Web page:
Mayakara, aka: Māyākāra, Maya-kara; 5 Definition(s)
Mayakara means something in Hinduism, Sanskrit, Buddhism, Pali. If you want to know the exact meaning, history, etymology or English translation of this term then check out the descriptions on this page. Add your comment or reference to a book if you want to contribute to this summary article.
Languages of India and abroad
māyākāra : (m.) a juggler.Source: BuddhaSasana: Concise Pali-English Dictionary
Māyākāra refers to: a conjurer, magician S. III, 142; Vism. 366 (in comparison); VbhA. 196. (Page 529)
Note: māyākāra is a Pali compound consisting of the words māyā and kāra.Source: Sutta: The Pali Text Society's Pali-English Dictionary
Pali is the language of the Tipiṭaka, which is the sacred canon of Theravāda Buddhism and contains much of the Buddha’s speech. Closeley related to Sanskrit, both languages are used interchangeably between religions.
Māyākāra (मायाकार).—m.) a conjurer, juggler.
Derivable forms: māyākāraḥ (मायाकारः).
Māyākāra is a Sanskrit compound consisting of the terms māyā and kāra (कार). See also (synonyms): māyākṛt, māyājīvin.Source: DDSA: The practical Sanskrit-English dictionary
Māyākāra (मायाकार).—m. (= Pali and Sanskrit Lex. id.), conjurer, sleight-of-hand-performer: Mvy 7242.Source: Cologne Digital Sanskrit Dictionaries: Edgerton Buddhist Hybrid Sanskrit Dictionary
(-raḥ) A juggler, a mime, an actor. E. māyā trick or delusion, kāra who makes.Source: Cologne Digital Sanskrit Dictionaries: Shabda-Sagara Sanskrit-English Dictionary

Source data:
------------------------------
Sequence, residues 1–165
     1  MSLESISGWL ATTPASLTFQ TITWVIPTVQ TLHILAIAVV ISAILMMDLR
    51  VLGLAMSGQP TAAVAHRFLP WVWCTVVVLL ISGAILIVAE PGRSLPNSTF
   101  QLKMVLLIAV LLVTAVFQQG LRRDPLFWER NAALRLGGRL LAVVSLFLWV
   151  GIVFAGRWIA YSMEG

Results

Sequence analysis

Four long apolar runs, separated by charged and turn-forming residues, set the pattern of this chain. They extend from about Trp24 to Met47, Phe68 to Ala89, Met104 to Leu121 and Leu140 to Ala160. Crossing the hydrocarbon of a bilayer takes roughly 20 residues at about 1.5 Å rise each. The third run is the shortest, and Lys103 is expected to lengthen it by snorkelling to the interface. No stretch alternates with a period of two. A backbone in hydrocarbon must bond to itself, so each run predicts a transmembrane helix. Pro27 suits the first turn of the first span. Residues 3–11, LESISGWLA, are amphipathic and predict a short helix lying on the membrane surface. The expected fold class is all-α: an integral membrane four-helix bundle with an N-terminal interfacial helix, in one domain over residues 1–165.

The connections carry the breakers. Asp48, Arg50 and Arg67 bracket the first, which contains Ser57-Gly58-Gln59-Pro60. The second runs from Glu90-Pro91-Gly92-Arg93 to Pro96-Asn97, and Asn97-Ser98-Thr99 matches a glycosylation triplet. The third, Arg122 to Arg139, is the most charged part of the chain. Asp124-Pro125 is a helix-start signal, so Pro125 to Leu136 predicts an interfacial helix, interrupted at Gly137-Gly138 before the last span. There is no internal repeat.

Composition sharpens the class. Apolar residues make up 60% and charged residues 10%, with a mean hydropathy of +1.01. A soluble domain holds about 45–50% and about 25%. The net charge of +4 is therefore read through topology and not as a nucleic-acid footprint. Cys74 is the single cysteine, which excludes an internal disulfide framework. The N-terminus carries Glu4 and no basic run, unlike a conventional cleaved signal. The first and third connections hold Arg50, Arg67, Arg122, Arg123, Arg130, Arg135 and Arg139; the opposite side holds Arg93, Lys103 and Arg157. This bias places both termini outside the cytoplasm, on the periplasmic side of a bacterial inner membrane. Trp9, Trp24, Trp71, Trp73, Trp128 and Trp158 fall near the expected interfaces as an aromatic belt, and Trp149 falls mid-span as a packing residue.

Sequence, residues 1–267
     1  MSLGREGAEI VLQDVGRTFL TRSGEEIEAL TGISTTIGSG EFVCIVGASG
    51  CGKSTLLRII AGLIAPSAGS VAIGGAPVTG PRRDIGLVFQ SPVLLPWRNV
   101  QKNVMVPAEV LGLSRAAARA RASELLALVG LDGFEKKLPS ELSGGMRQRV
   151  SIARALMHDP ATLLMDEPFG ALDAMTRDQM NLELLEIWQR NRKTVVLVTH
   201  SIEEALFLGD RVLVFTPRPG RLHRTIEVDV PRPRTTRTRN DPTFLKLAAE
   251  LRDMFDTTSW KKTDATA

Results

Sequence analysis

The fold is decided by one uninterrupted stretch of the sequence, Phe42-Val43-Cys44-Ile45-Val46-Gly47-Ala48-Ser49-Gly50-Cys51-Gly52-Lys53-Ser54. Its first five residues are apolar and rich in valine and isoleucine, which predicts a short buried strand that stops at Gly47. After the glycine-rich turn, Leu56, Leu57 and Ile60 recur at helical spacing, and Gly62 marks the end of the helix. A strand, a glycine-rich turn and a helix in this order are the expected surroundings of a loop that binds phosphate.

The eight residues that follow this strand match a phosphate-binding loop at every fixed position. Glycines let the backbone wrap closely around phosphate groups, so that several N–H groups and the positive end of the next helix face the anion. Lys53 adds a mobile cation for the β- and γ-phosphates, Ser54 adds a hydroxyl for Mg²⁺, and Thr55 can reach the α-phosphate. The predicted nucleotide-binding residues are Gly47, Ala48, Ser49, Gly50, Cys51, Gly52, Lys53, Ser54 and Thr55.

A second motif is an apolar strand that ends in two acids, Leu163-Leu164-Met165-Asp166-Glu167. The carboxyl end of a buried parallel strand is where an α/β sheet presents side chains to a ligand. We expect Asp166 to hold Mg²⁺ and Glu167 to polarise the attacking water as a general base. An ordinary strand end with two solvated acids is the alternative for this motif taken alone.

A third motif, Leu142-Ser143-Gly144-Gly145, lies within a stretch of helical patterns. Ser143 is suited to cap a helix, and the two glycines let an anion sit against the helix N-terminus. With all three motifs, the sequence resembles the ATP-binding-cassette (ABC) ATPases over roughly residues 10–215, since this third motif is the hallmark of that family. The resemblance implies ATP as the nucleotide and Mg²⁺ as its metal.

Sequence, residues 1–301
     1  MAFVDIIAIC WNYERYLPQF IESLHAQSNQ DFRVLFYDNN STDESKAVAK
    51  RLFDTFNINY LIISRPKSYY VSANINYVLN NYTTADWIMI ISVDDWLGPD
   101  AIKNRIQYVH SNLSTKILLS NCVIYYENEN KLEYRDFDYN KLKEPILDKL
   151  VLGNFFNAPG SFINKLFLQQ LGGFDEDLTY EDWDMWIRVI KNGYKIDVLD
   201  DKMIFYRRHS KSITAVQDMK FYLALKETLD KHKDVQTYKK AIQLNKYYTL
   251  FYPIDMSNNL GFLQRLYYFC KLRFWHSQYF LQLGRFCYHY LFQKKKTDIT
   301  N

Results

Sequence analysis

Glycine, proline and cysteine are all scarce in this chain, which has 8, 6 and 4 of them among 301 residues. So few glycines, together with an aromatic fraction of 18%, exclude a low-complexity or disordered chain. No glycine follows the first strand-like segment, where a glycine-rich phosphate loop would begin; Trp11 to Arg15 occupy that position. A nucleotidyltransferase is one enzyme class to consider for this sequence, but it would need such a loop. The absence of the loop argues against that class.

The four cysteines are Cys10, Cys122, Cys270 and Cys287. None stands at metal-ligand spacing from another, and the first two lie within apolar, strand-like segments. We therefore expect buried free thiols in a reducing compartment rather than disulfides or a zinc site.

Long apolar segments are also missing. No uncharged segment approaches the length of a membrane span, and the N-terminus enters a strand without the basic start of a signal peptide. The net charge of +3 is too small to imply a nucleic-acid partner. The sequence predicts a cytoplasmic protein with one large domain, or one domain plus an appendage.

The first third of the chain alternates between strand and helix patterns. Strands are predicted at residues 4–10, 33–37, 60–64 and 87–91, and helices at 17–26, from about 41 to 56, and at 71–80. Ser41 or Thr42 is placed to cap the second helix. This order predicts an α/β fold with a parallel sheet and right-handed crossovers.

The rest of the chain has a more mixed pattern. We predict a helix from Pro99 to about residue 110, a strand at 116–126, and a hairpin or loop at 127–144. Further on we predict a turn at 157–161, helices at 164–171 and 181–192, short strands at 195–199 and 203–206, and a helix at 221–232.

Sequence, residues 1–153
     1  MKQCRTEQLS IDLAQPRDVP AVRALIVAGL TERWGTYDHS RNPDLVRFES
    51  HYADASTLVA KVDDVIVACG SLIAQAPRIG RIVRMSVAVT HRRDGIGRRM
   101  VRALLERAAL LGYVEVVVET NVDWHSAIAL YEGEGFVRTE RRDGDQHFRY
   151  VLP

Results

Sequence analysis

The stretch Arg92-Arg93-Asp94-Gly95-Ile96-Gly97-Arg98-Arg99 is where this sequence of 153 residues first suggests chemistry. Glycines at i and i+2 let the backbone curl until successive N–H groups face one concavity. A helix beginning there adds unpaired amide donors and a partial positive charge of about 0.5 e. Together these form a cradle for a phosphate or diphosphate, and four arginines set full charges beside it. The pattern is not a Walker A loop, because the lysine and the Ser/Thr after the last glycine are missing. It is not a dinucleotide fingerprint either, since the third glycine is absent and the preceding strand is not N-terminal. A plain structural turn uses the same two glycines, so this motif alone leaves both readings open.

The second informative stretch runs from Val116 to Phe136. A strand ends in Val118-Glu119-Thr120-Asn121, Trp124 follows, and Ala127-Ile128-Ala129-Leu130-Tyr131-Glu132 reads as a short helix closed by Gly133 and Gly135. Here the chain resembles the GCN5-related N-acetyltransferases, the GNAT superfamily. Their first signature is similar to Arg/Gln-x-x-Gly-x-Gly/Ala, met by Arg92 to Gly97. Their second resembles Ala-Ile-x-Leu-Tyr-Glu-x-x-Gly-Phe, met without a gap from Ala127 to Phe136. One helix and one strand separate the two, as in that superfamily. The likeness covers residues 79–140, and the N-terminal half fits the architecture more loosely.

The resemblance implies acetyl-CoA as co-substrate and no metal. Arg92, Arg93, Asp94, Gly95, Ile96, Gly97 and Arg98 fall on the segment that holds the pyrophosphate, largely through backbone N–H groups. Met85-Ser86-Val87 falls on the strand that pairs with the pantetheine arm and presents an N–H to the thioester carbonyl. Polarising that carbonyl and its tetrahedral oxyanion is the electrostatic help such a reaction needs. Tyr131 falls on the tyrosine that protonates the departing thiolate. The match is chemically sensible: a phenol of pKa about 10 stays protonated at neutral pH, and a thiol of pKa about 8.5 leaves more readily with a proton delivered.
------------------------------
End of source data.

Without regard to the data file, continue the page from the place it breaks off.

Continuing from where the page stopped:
Sanskrit, also spelled संस्कृतम् (saṃskṛtam), is an ancient language of India commonly seen as the grandmother of the Indo-European language family. Closely allied with Prakrit and Pali, Sanskrit is more exhaustive in both grammar and terms and has the most extensive collection of literature in the world, greatly surpassing its sister-languages Greek and Latin.
Ends with: Samayakara.
Search found 2 books and stories containing Mayakara, Māyākāra, Maya-kara, Māyā-kāra; (plurals include: Mayakaras, Māyākāras, karas, kāras). You can also click to the full overview containing English textual excerpts. Below are direct links for the most relevant articles:
Maha Prajnaparamita Sastra (by Gelongma Karma Migme Chödrön)
III. Bodhisattva body and Buddha body < [Part 3 - Possessing a body endowed with the marks]
First comparison or upamāna: A magic show (māyā) < [Bodhisattva quality 19: the ten upamānas]
Act 5.5: Beings that were reborn among humans or the gods of kāmadhātu < [Chapter XIV - Emission of rays]
A History of Indian Philosophy Volume 1 (by Surendranath Dasgupta)